Tangeretin natural supplement by Ray Sahelian, M.D.
March 6 2016

Tangeretin is one of the Citrus bioflavonoids. Tangeretin may play a role, like many flavonoids, in reducing the risk for certain cancers. It has also shown promise in protecting nerve cells.

Int Immunopharmacology Jan 21 2014. Tangeretin exerts anti-neuroinflammatory effects via NF-κB modulation in lipopolysaccharide-stimulated microglial cells.

Tangeritin and cancer
Tangeretin and nobiletin induce G1 cell cycle arrest but not apoptosis in human breast and colon cancer cells.
Cancer Lett. 2007. Morley KL, Ferguson PJ, Koropatnick J. Cancer Research Laboratory Program, London Regional Cancer Program, Lawson Health Research Institute, London Health Sciences Centre, London, Ont., Canada.
Tangeretin and nobiletin are citrus flavonoids that are among the most effective at inhibiting cancer cell growth in vitro and in vivo. The antiproliferative activity of tangeretin and nobiletin was investigated in human breast cancer cell lines MDA-MB-435 and MCF-7 and human colon cancer line HT-29. Both flavonoids inhibited proliferation in a dose- and time-dependent manner, and blocked cell cycle progression at G1 in all three cell lines. Conclusion:  Thus, tangeretin and nobiletin could be effective cytostatic anticancer agents. Inhibition of proliferation of human cancers without inducing cell death may be advantageous in treating tumors as it would restrict proliferation in a manner less likely to induce cytotoxicity and death in normal, non-tumor tissues.

Virus infection protection
J Agric Food Chem. 2015. Tangeretin from Citrus reticulate Inhibits Respiratory Syncytial Virus Replication and Associated Inflammation in Vivo. This study demonstrates that tangeretin inhibited Respiratory Syncytial Virus replication and RSV-induced lung inflammation in vivo and may be useful in preventing and treating Respiratory Syncytial Virus infections and inflammation.

Tangeretin Research
A safety study of oral tangeretin and xanthohumol administration to laboratory mice.
In Vivo. 2005.
The detection of molecular targets for flavonoids in cell signalling has opened new perspectives for their application in medicine. Both tangeretin, a citrus methoxyflavone, and xanthohumol, the main prenylated chalcone present in hops (Humulus lupulus), act on the mitogen-activated protein kinase pathway and await further investigation for administration in vivo.  A safety study was designed in laboratory mice orally administered concentrates of purified tangeretin (1 x 10(-4) M) or xanthohumol at libitum for 4 weeks. A reduction of the circulating lymphocyte number was noticed for tangeretin, while all other parameters were unaffected by treatment with either tangeretin or xanthohumol. The parameters encompassed an integrity check of the following tissues and organs: bone marrow, liver, exocrine pancreas, kidneys, muscles, thyroid, ovaries and surrenal cortex. Furthermore, no differences were noted in the metabolism of proteins, lipids, carbohydrates and uric acid, as well as in ion concentrations. All data indicate that oral administration of tangeretin or xanthohumol to laboratory mice does not affect major organ functions and opens the gate for further safety studies in humans.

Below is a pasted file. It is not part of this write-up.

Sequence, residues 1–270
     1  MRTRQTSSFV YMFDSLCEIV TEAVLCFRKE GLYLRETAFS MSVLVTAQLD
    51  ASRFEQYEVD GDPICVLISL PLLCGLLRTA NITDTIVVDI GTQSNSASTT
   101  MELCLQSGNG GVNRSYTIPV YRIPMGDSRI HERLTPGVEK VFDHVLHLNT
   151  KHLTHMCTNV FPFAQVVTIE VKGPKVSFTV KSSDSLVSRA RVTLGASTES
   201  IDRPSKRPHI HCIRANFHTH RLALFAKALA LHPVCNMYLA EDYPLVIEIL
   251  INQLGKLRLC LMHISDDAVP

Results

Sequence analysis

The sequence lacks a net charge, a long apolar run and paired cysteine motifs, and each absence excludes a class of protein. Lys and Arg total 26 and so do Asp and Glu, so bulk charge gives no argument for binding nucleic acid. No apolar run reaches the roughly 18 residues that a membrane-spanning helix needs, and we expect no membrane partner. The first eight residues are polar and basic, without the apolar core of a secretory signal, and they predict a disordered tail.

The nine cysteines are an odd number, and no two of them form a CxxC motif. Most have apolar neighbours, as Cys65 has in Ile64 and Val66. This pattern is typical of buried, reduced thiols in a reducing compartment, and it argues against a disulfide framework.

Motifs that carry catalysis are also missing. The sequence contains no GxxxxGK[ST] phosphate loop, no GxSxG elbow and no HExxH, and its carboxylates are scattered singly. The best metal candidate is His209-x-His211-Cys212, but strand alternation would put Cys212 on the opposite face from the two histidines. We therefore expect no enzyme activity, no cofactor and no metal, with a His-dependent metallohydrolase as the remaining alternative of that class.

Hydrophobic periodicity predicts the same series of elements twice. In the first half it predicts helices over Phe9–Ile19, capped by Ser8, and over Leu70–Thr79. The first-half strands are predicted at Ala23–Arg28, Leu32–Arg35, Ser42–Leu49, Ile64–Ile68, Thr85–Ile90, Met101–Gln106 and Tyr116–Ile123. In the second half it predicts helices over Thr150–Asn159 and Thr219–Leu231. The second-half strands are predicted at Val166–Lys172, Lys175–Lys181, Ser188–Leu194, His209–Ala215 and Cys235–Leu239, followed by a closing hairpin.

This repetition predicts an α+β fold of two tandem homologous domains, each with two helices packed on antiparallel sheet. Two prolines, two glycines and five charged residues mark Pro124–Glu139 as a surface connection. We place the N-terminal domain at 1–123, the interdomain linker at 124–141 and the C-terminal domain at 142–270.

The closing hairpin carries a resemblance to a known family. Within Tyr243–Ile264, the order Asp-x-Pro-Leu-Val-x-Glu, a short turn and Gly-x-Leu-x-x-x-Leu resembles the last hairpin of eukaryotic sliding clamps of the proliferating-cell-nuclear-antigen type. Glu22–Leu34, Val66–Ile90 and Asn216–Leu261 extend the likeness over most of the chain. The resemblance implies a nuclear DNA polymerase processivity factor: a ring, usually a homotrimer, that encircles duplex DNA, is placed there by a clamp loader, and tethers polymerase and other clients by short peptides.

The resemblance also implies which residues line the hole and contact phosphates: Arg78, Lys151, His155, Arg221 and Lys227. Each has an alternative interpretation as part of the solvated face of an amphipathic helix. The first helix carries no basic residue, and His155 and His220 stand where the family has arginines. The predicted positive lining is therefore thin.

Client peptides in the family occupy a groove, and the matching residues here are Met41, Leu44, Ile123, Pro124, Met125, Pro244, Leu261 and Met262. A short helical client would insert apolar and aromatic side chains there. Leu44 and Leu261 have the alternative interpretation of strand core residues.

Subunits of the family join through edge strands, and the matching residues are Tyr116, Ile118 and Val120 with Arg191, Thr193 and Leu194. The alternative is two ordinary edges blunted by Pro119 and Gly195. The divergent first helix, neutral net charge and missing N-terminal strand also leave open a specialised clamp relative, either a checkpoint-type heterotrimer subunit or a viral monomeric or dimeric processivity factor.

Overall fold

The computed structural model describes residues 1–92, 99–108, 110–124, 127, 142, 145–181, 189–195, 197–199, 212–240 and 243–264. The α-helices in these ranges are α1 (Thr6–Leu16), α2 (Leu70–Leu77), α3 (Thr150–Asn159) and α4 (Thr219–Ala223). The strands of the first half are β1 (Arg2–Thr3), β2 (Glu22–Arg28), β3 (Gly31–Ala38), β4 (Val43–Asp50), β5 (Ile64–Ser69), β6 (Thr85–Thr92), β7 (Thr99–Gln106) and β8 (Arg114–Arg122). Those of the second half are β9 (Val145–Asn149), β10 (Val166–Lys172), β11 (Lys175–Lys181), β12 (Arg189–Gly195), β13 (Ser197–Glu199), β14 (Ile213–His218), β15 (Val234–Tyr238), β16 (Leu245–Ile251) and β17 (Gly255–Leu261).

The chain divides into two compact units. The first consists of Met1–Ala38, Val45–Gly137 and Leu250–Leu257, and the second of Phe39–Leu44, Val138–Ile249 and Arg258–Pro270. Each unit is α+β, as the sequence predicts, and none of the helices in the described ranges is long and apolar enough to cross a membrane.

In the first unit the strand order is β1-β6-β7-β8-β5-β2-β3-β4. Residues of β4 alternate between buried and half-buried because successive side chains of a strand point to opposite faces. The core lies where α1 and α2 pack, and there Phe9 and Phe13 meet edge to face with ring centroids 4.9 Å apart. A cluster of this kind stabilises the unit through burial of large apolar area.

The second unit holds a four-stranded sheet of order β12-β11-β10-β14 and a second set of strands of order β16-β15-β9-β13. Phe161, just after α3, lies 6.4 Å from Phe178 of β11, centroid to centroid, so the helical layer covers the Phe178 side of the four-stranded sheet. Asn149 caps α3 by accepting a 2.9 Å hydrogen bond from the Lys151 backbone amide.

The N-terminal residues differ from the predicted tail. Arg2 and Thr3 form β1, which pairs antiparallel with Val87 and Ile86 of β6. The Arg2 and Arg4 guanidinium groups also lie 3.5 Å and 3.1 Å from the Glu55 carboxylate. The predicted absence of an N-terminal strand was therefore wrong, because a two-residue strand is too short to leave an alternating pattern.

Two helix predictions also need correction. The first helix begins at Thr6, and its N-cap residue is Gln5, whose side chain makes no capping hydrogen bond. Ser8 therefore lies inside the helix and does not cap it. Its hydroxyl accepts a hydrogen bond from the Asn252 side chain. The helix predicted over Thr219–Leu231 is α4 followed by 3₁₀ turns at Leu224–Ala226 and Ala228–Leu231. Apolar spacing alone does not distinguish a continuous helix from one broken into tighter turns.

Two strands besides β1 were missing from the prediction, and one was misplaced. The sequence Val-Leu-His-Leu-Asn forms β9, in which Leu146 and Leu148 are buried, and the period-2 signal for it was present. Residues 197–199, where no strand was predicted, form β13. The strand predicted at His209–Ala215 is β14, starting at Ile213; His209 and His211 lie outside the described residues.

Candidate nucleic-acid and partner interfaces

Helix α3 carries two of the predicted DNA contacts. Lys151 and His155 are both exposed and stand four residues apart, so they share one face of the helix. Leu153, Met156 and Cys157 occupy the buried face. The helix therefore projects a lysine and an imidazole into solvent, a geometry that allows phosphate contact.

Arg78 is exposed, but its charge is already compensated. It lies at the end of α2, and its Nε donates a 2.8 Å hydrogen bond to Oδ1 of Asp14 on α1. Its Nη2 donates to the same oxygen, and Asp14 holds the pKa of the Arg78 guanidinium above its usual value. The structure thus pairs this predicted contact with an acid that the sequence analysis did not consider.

Tangeretin inhibits extracellular-signal-regulated kinase (ERK) phosphorylation.
FEBS Lett. 2005.
Tangeretin is a methoxyflavone from citrus fruits, which inhibits growth of human mammary cancer cells and cytolysis by natural killer cells. Attempting to unravel the flavonoid's action mechanism, we found that it inhibited extracellular-signal-regulated kinases 1/2 (ERK1/2) phosphorylation in a dose- and time-dependent way. In human T47D mammary cancer cells this inhibition was optimally observed after priming with estradiol. The spectrum of the intracellular signalling kinase inhibition was narrow and comparison of structural congeners showed that inhibition of ERK phosphorylation was not unique for tangeretin. Our data add tangeretin to the list of small kinase inhibitors with a restricted intracellular inhibition profile.

Tissue distribution and neuroprotective effects of citrus flavonoid tangeretin in a rat model of Parkinson's disease.
Neuroreport. 2001.
Neuroprotective effects of a natural antioxidant tangeretin, a citrus flavonoid, were elucidated in the 6-hydroxydopamine (6-OHDA) lesion rat model of Parkinson's disease (PD), after bioavailability studies. Following the chronic oral administration (10 mg/kg/day for 28 days), significant levels of tangeretin were detected in the hypothalamus, striatum and hippocampus (3.88, 2.36 and 2.00 ng/mg, respectively). The levels in the liver and plasma were 0.59 ng/mg and 0.11 ng/ml respectively. Unilateral infusion of the dopaminergic neurotoxin, 6-hydroxydopamine (6-OHDA; 8 microg), onto medial forebrain bundle significantly reduced the number of tyrosine hydroxylase positive (TH+) cells in the substantia nigra and decreased striatal dopamine content in the vehicle treated rats. Sub-chronic treatment of the rats with high doses of tangeretin (20 mg/kg/day for 4 days; p.o.) before 6-OHDA lesioning markedly reduced the loss of both TH+ cells and striatal dopamine content. These studies, for the first time, give evidence that tangeretin crosses the blood-brain barrier. The significant protection of striato-nigral integrity and functionality by tangeretin suggests its potential use as a neuroprotective agent.